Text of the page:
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A django-based web receiver for Scrup which stores screencaptures on S3.

Project description

A django-based web receiver for Scrup which stores screencaptures on S3.

Features

  • Receives POST’ed images from scrup and uploads them to S3, and returns a valid URL for the image.

There are a few things on the roadmap:

  • Giving some consideration to security matters – right now it’s either HTTPS or nothing.
  • Exception handling.
  • Thumbnail generation and storage on S3
  • A web-based timeline showing your history of screenshot uploads so you can easily find an old screenshot you’ve uploaded.

Requirements

  1. Django (obviously).
  2. Boto, the python frontend to AWS

Installation

Getting django-scrup can be as easy as:

$ pip install django-scrup

in your favorite shell.

If you prefer to pull down and install the package yourself, you can always download or checkout the latest release and install via the usual python setup.py install.

Configuration and Usage

First, add 'scrup' to your INSTALLED_APPS. Don’t forget to ./manage.py syncdb!

You’ll also need to define a few values in your settings.py:

SCRUP_AWS_ACCESS_KEY
Your AWS access key.
SCRUP_AWS_SECRET_KEY
Your AWS secret key.
SCRUP_AWS_BUCKET
The bucket in which django-scrup should store the uploaded screenshots. This must be a bucket which is writeable by the AWS user identified by the above credentials. This bucket should be solely devoted to the use of django-scrup, as the app will likely barf if it tries to upload a file with the same name as an existing file. By default, the uploaded files are stored in the root of the bucket, unless SCRUP_AWS_PREFIX is specified.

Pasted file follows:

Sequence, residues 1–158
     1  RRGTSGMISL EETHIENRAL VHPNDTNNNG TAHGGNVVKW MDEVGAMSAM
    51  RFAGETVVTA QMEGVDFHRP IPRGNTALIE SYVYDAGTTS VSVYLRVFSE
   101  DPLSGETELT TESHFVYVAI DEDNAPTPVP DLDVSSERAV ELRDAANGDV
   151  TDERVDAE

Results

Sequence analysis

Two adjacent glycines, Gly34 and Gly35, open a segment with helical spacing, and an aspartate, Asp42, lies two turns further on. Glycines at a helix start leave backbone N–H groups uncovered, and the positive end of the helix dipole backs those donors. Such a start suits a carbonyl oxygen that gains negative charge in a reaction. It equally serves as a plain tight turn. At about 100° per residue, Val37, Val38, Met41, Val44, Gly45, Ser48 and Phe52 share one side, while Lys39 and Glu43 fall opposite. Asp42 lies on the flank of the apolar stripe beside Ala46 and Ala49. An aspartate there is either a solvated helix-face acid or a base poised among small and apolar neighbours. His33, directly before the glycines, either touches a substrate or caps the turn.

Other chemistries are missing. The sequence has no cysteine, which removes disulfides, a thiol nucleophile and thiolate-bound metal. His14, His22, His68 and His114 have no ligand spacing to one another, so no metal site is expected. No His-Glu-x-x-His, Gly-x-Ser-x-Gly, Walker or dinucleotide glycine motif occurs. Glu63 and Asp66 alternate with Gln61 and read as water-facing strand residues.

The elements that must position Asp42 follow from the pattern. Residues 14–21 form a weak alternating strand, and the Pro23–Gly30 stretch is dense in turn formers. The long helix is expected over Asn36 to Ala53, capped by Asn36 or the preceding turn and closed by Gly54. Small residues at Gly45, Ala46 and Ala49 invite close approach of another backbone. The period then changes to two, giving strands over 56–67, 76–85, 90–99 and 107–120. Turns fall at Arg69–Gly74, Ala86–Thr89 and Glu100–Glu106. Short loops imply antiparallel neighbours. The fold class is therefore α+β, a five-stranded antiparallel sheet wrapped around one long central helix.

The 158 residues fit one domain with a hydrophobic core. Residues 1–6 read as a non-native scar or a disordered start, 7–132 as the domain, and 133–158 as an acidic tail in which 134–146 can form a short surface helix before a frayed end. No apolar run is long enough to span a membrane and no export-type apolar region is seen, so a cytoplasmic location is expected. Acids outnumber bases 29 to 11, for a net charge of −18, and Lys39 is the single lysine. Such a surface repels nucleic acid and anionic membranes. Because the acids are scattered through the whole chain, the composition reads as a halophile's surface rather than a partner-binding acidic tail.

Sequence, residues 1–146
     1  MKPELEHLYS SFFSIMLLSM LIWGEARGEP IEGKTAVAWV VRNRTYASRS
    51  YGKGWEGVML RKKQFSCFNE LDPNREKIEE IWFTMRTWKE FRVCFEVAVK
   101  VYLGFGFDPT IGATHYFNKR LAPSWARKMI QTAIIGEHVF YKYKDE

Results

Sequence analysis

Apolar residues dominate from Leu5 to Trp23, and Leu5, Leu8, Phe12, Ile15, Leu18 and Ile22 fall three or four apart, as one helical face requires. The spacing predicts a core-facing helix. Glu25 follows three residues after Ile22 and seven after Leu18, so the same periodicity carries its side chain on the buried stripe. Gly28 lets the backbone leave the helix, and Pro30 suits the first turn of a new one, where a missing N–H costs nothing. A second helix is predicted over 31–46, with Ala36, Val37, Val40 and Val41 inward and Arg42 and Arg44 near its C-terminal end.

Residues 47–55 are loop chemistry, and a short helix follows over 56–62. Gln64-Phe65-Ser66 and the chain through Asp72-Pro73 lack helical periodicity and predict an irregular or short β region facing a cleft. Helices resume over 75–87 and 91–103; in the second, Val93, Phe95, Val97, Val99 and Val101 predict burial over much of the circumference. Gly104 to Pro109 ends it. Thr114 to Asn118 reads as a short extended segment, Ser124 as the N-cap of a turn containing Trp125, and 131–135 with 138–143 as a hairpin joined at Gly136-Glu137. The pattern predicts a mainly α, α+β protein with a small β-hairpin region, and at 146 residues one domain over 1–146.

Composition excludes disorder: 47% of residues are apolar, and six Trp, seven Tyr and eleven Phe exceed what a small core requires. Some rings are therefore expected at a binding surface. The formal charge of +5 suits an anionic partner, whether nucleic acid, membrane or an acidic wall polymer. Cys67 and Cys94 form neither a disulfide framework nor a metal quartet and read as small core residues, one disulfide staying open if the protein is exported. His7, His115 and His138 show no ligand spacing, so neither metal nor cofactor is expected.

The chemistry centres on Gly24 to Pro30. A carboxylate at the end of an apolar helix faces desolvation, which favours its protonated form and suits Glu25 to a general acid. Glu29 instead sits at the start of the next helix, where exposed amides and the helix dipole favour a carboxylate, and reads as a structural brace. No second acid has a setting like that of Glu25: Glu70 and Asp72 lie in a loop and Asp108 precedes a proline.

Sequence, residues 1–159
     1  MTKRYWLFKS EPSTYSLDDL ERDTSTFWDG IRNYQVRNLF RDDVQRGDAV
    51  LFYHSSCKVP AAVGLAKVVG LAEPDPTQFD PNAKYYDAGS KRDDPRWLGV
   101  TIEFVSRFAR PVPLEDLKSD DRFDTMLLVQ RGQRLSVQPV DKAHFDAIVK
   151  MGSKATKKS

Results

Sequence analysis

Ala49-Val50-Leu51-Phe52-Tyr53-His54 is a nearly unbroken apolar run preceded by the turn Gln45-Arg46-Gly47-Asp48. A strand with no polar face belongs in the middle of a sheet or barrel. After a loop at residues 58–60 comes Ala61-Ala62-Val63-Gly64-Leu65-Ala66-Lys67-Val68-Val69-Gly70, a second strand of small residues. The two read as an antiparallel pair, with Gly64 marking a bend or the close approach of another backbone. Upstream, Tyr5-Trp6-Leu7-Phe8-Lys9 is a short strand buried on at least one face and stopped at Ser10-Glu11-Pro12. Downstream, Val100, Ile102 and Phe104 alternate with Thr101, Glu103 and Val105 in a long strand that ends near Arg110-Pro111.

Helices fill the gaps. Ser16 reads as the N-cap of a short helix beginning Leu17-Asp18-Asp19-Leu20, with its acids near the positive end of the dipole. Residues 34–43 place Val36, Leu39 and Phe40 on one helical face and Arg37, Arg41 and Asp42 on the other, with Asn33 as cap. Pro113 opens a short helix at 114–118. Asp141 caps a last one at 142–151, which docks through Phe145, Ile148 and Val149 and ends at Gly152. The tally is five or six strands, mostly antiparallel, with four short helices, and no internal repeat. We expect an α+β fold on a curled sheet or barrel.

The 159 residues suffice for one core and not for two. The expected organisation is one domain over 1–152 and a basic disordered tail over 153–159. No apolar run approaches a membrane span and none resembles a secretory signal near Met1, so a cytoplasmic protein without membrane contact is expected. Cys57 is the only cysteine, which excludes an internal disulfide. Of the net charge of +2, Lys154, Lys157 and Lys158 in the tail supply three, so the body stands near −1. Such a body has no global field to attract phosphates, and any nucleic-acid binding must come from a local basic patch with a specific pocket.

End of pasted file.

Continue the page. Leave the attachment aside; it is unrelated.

SCRUP_AWS_PREFIX
Optional. A relative pathname to a folder within the bucket. If this value is specified, uploads will be copied to http://yourbucket.s3.amazonaws.com/<SCRUP_AWS_PREFIX>
SCRUP_AWS_CNAME
Optional. A boolean value indicating whether to use the bucketname as the domain of the returned screenshot URL. If you’ve created a CNAME for your bucket, set this to True and the returned URLs will be of the form http://<BUCKETNAME>/foo vs. http://<BUCKETNAME>.s3.amazonaws.com/foo.

Next, make sure to import django-scrup’s urls. A line like the following in your urls.py should do the trick:

(r'^scrup/', include('scrup.urls')),

Finally, plug the URL into Scrup’s configuration. Obviously, this depends on your server’s domain and how you’ve chosen to setup django-scrup’s urls. By default, django-scrup accepts uploads at upload/<FILENAME>, where <FILENAME> is optional. Here’s an example of the default URL scheme for mydomain.com:

http://mydomain.com/scrup/upload/{filename}

License

django-scrup is made available under the terms of the new BSD license. For the full legal text, please consult the LICENSE.txt file included in the root of the source tree.

Project details


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0.1

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